Two years after establishing a policy to allow bus riders to keep children in strollers, Pittsburgh Regional Transit is getting pushback from riders who use wheelchairs.

Advocates for those who use wheelchairs told the authority’s board of directors Friday that riders with strollers are taking their assigned space and drivers are sometimes refusing to let them board because there isn’t a safe space. CEO Katharine Eagan Kelleman said the agency will hold public meetings to talk about the policy and look for solutions.

Before 2022, riders with strollers were required to fold the strollers and either put the child on a seat or hold the child. Kelleman, who had children 16 months apart, said she couldn’t have imagined trying to navigate a bus ride holding a child and a stroller, so she changed the policy with little fanfare and no public input.

Now, some riders who use a wheelchair say the policy has become a problem because strollers often use the same space set aside at the front of a bus to secure wheelchairs. If those spaces are taken by strollers, riders with wheelchairs can be passed by until a bus with appropriate space arrives.

Reading from a letter submitted to the board, Daeja Baker of Pittsburghers for Public Transit said this creates potentially dangerous situations for riders who use wheelchairs that aren’t strapped in place and children in strollers that have no method to be secured.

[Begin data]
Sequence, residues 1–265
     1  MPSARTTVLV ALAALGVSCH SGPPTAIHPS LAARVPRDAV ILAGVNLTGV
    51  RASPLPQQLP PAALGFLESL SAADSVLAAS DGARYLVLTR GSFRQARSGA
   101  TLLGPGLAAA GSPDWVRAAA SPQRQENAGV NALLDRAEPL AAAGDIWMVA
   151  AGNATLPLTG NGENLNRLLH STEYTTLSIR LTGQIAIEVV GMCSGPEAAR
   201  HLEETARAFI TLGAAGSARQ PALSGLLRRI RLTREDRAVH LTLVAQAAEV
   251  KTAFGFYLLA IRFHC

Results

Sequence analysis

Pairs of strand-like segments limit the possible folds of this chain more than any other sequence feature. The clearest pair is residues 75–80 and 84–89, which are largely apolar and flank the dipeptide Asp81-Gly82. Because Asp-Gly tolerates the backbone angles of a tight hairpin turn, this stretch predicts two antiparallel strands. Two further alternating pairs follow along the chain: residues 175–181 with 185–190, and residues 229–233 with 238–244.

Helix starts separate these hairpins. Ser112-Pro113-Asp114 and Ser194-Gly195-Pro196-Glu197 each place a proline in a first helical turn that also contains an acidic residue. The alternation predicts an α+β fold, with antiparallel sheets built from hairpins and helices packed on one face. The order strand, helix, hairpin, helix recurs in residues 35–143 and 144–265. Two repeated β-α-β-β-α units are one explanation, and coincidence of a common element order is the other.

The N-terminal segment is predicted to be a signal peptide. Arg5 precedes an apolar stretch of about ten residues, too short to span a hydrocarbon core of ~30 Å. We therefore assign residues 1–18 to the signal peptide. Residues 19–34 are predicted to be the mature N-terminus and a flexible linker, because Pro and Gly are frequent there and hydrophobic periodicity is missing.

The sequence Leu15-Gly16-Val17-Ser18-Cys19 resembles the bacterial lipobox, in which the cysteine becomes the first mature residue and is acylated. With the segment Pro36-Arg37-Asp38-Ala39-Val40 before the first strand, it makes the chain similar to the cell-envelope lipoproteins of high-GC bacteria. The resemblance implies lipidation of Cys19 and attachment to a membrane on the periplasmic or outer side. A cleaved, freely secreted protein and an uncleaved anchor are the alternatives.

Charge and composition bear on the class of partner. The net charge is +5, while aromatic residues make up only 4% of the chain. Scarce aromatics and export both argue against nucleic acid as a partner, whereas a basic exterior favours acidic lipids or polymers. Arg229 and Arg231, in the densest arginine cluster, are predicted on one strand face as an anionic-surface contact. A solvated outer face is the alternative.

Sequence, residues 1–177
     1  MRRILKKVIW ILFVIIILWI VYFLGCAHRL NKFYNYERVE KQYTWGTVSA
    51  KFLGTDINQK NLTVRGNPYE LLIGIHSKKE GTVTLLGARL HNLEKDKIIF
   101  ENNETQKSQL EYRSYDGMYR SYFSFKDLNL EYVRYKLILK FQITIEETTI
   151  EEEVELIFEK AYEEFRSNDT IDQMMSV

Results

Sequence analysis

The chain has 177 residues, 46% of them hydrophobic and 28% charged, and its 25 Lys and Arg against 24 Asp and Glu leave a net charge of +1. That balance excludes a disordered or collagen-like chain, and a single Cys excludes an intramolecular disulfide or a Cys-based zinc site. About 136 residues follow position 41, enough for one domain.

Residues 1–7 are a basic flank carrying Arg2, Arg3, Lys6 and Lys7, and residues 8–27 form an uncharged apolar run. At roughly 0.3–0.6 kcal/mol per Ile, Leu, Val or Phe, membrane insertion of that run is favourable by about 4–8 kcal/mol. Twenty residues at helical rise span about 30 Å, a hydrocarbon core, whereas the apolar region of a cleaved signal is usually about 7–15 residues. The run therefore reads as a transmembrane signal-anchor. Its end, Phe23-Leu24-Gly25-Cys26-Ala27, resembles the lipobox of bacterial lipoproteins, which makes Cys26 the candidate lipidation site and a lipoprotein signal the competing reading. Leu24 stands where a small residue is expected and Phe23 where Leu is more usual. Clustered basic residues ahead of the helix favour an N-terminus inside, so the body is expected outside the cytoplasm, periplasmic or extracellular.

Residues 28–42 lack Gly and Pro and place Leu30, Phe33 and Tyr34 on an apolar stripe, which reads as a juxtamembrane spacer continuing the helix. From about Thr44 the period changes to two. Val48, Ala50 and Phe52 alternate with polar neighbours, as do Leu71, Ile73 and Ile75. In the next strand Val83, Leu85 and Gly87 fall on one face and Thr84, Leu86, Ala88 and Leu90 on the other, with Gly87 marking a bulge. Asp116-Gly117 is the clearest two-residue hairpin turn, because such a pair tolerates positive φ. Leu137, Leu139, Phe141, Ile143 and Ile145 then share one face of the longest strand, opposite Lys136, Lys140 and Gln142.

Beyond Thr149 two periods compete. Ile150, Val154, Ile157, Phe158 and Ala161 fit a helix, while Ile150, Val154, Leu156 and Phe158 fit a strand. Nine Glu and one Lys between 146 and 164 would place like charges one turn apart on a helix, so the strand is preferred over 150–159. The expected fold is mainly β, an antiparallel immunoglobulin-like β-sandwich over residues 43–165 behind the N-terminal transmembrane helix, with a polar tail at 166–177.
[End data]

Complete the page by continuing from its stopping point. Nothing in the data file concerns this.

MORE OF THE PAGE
“The new policy has resulted in increased barriers for people who use wheelchairs and scooters, and we are troubled by implementation that appears to not to comply with the Americans with Disabilities Act,” said the letter, also signed by the Committee for Accessible Transportation and Access Mob Pittsburgh.

“It also has not been applied in a way that keeps riders, especially young children, safe. We are concerned that the failure to ensure both strollers and children are secure will result in harm to some of PRT’s most vulnerable riders.”

The groups urged PRT to enforce designated seating for riders with disabilities and created s separate designated space for open strollers.

Before the riders spoke, Kelleman said during her monthly report that she set the stroller policy based on her experience as a mother but admitted there should have been more input. That will happen beginning in the fall, she said.

“I apologize for creating more of an issue than we needed to,” she said.

In an interview after the meeting, Kelleman said the transit industry faces a challenge trying to accommodate everyone with special needs on the same vehicle. Drivers can face a balancing act with riders with luggage, large packages, backpacks, wheelchairs and strollers, she said, and they shouldn’t have the added stress of trying to police who can ride and where they should sit.

John Tague, an advocate for people with disabilities who use a wheelchair and sits on the PRT board, said he’s confident the agency will address the concerns properly.

“What we want to do is be welcoming to all riders,” he said. “Let’s not overstate the problem. Let’s come up with a solution.”

Ed Blazina

Ed covers transportation at the Pittsburgh Post-Gazette, but he's currently on strike. Email him at

Ed Blazina

Ed covers transportation at the Pittsburgh Post-Gazette, but he's currently on strike. Email him at